Provide a ranking criterion for selecting the top attributes.
  • [0046]
    Attribute Importance for Improving Classification Models
  • [0047]
    Attribute importance provides an automated solution for improving the speed and accuracy of the classification models on datasets with large numbers of attributes. The challenge is finding the attributes that produce an accurate classification model. In a dataset with large numbers of attributes, most of the attributes may be redundant, or irrelevant. Presence of such extra attributes affects the accuracy of the model and degrades the performance. The attribute importance processing of the present invention uses the predictor and target apriori statistics to assess the relative usefulness of each attribute for making predictions for rows in general, rather than to make a prediction for any particular row. In particular, for each attribute n, for each possible value i, and for each possible value k of the target attribute, attribute importance computes the statistics to assign a value that determines the importance of that attribute for predicting the behavior of the data set. These statistics give an idea of how correlated each attribute is with the target attribute. The more correlated a predictor attribute is with the target attribute, the more useful attribute importance deems it. Since a single target problem is addressed, attribute importance need not take account of correlations that are due to a combination of several non-target attributes' values, and which may not be evident when considering any single non-target attribute individually.
  • [0048]
    Finding a predictive subset of input variables is an important problem in its own right. It is domain and data dependent. Presence of extra attributes might be important for some scientific goals but it decreases the accuracy of some classification problems and instance-based learning methods. Attribute importance is also used as a traditional approach for learning Bayesian-Networks. The benefits of having a simpler Bayesian Network can outweigh the slight reduction in prediction accuracy and the one-time cost incurred during the network-construction, especially in cases where the network generated using the entire set of attributes may be too large to even allow inference. Attribute importance can be used in conjunction with any of the supervised data mining algorithms. The mathematical programming methods of attribute importance define this as the method of discrimination between two given sets in an n-dimensional attributes space by using as few of the given attributes as possible.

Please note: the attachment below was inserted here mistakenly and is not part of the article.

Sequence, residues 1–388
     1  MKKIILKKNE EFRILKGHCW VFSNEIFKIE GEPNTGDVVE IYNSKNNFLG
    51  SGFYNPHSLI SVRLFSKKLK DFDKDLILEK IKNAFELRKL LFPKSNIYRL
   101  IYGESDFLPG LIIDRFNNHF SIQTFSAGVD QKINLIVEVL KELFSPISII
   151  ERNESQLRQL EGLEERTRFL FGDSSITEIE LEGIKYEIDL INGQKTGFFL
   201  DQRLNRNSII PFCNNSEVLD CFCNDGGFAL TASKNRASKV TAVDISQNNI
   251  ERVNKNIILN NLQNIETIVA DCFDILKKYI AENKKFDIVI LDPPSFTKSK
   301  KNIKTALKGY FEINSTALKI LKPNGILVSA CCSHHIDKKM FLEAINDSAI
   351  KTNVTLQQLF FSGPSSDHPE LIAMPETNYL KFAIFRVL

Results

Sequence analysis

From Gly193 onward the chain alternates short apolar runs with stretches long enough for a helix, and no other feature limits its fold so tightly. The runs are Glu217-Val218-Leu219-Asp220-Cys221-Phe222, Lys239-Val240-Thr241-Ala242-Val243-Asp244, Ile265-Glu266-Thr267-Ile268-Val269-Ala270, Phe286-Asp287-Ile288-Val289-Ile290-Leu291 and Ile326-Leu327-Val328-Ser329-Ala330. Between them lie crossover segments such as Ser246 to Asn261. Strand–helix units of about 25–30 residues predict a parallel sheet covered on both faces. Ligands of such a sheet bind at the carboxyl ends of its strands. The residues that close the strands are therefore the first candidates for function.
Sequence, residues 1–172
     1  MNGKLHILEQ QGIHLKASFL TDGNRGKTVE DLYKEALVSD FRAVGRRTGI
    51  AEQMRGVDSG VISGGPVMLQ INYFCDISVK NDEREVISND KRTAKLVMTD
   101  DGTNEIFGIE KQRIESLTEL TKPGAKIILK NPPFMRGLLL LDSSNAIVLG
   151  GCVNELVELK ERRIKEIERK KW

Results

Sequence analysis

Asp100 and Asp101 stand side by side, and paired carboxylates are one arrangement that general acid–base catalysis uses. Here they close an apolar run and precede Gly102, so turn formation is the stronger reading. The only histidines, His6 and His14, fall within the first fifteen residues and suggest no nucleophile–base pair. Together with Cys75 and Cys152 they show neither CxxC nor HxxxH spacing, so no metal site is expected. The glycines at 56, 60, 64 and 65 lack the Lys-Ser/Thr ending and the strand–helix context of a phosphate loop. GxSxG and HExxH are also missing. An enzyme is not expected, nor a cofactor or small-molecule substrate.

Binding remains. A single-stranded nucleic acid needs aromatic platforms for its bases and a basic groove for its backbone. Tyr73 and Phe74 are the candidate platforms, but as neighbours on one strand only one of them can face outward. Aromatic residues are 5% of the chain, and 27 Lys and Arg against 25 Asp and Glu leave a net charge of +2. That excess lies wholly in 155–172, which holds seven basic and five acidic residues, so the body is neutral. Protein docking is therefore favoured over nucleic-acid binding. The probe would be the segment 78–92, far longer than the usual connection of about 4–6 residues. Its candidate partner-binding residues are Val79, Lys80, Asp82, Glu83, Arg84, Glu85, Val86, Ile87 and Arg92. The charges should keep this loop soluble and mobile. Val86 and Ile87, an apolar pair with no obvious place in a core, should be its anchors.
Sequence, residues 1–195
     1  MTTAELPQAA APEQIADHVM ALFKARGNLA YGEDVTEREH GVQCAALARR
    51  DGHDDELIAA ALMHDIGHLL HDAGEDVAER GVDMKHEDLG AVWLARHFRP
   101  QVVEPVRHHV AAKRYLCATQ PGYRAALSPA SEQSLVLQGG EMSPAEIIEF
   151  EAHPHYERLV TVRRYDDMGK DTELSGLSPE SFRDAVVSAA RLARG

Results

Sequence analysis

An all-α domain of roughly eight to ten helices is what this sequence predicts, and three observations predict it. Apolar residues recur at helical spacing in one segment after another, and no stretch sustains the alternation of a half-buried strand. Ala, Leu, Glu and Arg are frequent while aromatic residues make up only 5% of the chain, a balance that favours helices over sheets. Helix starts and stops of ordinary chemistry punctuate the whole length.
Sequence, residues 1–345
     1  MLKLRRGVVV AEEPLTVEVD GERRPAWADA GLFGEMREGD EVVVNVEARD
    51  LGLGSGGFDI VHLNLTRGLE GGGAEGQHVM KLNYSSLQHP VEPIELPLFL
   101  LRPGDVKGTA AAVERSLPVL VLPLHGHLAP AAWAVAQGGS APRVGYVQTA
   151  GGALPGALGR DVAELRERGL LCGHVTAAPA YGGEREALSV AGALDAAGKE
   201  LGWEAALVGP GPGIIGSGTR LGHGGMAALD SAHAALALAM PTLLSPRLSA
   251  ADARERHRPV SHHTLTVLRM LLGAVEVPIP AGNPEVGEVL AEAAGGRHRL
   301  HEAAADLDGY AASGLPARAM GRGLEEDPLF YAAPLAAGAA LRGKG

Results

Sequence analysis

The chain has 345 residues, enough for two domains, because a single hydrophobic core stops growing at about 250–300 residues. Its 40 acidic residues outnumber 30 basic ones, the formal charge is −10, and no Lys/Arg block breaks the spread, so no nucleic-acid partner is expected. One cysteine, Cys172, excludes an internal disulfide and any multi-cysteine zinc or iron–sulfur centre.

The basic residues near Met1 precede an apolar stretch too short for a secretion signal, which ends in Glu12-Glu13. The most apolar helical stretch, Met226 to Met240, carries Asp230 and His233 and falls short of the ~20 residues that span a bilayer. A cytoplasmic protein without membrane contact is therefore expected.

• [0049]
    The algorithm used for the attribute importance is determined by the goals of the attribute importance. Most of the traditional algorithms concentrate on enhancing the computational efficiency of the classifiers, while a few are more focused on improving the accuracy. The other differential factor in the selection of the algorithm for attribute importance is the selection criteria used for selecting the important attributes.
  • [0050]
    Attribute Importance Algorithms
  • [0051]
    The attribute importance algorithms are characterized by the methodology of attribute search, filtering etc. Some of them include heuristic searches, filtering attributes or treating attribute importance as a wrapper around the induction process. The wrapper methods are based on the classifier's error rate. The filter algorithms use evaluation metrics based on distance, information etc. Some algorithms use domain language to prune the attributes. But in the traditional market basket scenario it is important to find an optimal subset of attributes without the domain knowledge. One approach is to use a classic greedy algorithm called sequential Backward Selection (SBS). In this approach each attribute is removed one at a time until no improvement of the criteria function is reached. But in this approach the criteria function is problem specific and can vary from simple performance to complex evaluation procedure. Attribute importance focuses on choosing an algorithm, which is problem independent and can be applicable to any kind of data. Although the predictor variance algorithm is preferred, other algorithms, such as mutual information and the t distribution may also be suitable.